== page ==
Finally, there’s the ANC’s consistent assertion that the newspaper industry is nothing less than a cartel, and that it indulges in serious anti-competitive behaviour.
As it says: “The big four companies dominate the entire value chain of the market especially printing, distribution and advertising. This integration and the very market structure is perhaps the biggest barrier to market entry and potentially shows possible anti-competitive behaviour.”
The ruling party intends to address this, according to its resolutions, through a Competition Commission (CC) focus on “anti-competitive practices within the sector”.
One CC probe is already underway, looking at suspected anti-competitive behaviour by Caxton, Naspers, Times Media Group and the Independent. Among other things, it is looking at possible market and information sharing – and as a result, it seems to be prompting far more concern among newspaper owners than their own “transformation process”.
Caxton, one of the most influential producers and disseminators of community newspapers, has already pulled out of the PMDTTT, and other newspaper owners have said they need until the end of February before they start putting forward their ideas.
The CC has declared the print media “an emerging priority sector”, and one of its less-publicised cases gives some insight into why. The case, outlined in the commission’s 2011-12 annual report, relates to allegations of “predatory pricing” by Media24 – a Naspers subsidiary – in its attempts to squeeze out an independent newspaper called Gold-Net News in the Free State goldfields region.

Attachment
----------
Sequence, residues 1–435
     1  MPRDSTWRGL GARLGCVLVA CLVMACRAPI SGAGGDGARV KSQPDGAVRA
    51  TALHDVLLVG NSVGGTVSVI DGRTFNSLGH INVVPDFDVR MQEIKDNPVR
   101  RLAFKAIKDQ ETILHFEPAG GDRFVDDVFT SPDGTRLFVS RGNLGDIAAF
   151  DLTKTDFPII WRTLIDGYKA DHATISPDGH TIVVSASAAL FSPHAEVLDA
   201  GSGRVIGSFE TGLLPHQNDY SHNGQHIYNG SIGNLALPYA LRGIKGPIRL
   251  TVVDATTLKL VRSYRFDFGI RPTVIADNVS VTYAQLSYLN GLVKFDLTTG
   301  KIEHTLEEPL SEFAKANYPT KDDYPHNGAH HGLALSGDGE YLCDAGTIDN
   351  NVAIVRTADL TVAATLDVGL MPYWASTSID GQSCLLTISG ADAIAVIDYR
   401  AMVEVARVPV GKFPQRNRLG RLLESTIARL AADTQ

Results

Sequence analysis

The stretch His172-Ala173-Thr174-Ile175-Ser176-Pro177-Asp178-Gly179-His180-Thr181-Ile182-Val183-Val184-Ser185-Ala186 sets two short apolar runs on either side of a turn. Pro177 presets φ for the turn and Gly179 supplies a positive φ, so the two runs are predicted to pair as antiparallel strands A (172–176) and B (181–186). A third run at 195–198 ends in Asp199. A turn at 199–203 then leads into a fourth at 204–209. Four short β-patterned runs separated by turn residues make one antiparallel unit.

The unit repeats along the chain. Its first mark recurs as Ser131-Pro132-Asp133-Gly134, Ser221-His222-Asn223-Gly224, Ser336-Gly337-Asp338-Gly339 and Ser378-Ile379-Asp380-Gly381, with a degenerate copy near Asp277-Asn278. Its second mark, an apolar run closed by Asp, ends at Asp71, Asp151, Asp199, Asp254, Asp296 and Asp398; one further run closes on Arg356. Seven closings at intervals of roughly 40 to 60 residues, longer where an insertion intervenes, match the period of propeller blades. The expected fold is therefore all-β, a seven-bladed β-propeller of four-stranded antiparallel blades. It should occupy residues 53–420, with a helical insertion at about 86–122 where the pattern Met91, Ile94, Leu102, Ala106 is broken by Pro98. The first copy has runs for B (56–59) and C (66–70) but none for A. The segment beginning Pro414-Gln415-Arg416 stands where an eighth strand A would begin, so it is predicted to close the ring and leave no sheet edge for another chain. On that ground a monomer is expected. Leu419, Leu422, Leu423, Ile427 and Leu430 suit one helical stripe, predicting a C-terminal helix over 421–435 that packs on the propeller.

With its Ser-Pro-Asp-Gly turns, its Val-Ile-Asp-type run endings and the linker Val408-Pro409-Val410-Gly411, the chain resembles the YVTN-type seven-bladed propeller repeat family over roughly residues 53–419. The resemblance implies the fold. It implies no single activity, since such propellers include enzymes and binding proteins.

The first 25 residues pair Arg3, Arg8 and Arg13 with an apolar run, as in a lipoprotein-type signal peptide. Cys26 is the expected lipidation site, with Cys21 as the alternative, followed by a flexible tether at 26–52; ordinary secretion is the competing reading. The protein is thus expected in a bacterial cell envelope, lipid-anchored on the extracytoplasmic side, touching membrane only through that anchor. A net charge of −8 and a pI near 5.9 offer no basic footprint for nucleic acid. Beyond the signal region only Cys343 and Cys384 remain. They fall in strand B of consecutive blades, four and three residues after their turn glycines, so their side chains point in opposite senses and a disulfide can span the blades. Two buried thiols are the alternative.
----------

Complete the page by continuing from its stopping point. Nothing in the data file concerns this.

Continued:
The commission found that Media24 had charged businesses below-cost advertising rates for its two goldfields titles, Vista and Forum, “making it impossible for Gold-Net to compete for the business of advertisers, and eventually forcing it to exit the market in April 2009.”
The commission found that Media24 had used one of its titles, Forum, as a “fighting brand, offering very low prices to advertisers so as to prevent competition with Media24’s larger and more lucrative title, Vista.”
“Evidence before the commission revealed that Forum had budgeted for and operated at a loss throughout the period, but was only closed down in January 2010 after Gold-Net News had been driven out of the market.”
Once Gold-Net News had been killed off, “Media24’s publications were the only community newspapers circulating in the area and would have a monopoly over advertisers,” the commission found, citing Media24 strategy documents which spelt out how to “protect its existing market share as well as potentially increase its market share, as well as increasing its market power, allowing it to increase prices once the prey has left the market.”
The survival and growth of community newspapers is close to the heart of anyone interested in encouraging diversity through new voices, and the CC’s findings will not go unnoticed by the ruling party.
The Competition Commission probe into the newspaper industry is likely to be the most cold-cut of all the media battles in 2013, and is the ANC’s stealth-bomb.
When it comes to allegations of monopolistic behaviour, you can huff and puff all you like about freedom of expression, self-regulation, the free market and a free press. But if the commission finds that freedom of the press only belongs to those who own them, and that those who own them connive to keep others from expressing themselves, we could finally see the changed print media landscape that the ANC has been looking for. DM
Chris Vick runs Black, a communications consultancy. He worked on several non-monopolistic publications during the 1980s and 1990s, including New Nation, New African, the then-Weekly Mail and Work In Progress magazine, and was a delegate at the 1992 meeting that developed the ANC’s Media Charter.